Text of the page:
The urn will remain with the Aussies. An intense five-match contest ended with shared honours. It was an evenly fought series, as the 2-2 scoreline suggests. No team dominated, and each one exploited the chinks in the other’s armour.
Australia’s top order, traditionally its strength, cut a sorry figure. David Warner, in particular, had a woeful series. The pair in the fourth test exemplified his plight. In both the innings, he was taken out by Stuart Broad — who else! Broad had the wood on him throughout the series, dismissing him cheaply in seven out of his 10 innings.
Broad was not alone in tormenting the Aussies. Jofra Archer and Ben Stokes also troubled the Aussie top order. With 22 scalps in four matches, Archer was, as Michael Hussey said, the ‘find of the series’ for the Englishmen. Only Steven Smith was able to thwart the English seamers. He, as Archer remarked in a post-match chat, never seemed like getting out.
Smith single-handedly defied the English bowlers. They seemed to have no answers for his twitch and fidget. Without looking pretty at the crease, Smith was mighty effective. With 774 runs in the series, he was the best batsman on view by a long way. It was only Marnus Labuschagne and to a certain extent, Mathew Wade, who helped him with vital partnerships. There was no one in the England line-up to match Smith’s fantastic performance.
Barring Rory Burns at the top, and Ben Stokes in the middle, the English batsmen were inconsistent throughout. Burns may not have put up big scores regularly, but he did see off the new ball competently. He seems to have sealed the opening spot for the time being.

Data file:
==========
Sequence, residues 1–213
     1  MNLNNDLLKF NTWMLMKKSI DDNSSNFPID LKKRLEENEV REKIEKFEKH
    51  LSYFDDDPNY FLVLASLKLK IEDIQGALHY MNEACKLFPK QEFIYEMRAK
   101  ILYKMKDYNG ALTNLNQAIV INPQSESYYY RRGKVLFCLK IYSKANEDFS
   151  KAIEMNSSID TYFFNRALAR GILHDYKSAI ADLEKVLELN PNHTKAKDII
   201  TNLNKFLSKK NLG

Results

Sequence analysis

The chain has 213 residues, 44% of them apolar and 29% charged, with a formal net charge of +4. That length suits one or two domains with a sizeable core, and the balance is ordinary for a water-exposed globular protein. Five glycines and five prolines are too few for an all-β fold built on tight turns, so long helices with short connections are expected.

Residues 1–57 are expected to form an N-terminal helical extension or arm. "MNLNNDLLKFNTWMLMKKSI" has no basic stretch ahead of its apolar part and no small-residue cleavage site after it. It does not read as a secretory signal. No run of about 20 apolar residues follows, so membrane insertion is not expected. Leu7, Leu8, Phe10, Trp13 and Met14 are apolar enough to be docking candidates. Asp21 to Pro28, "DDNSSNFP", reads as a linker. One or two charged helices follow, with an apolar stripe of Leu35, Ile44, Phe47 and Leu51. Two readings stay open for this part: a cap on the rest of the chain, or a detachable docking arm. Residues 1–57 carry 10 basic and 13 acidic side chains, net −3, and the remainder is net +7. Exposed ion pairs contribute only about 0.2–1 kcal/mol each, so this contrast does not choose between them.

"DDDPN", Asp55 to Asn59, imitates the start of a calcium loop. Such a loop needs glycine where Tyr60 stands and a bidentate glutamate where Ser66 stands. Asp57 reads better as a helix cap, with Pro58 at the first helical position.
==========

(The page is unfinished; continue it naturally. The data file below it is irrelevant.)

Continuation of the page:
Stokes, however, batted magnificently, especially in the nail-biting third test. Who can forget his epic 135*and the match-winning 76-run last-wicket partnership with Jack Leach? That knock should have inspired other English batsmen, but they just couldn’t come to the party.
Jason Roy struggled to come to terms with the red ball. Joe Denly and Joe Root were patchy, at best. Jos Buttler and Jonny Bairstow being nowhere close to their white-ball form compounded the issue. The Aussie bowlers’ sustained pressure found the batsmen wanting.
Pat Cummins was Australia’s star bowler. Despite not picking up a five-wicket haul, he ended up as the highest wicket-taker in the series with 29 wickets. Cummins was incisive and picked up a wicket almost every time he came on to bowl. Josh Hazlewood kept up the pressure at the other end. Fast bowlers do hunt in pairs, don’t they? Nathan Lyon supported the fast bowlers with his off-spin, giving no respite to the English batsmen.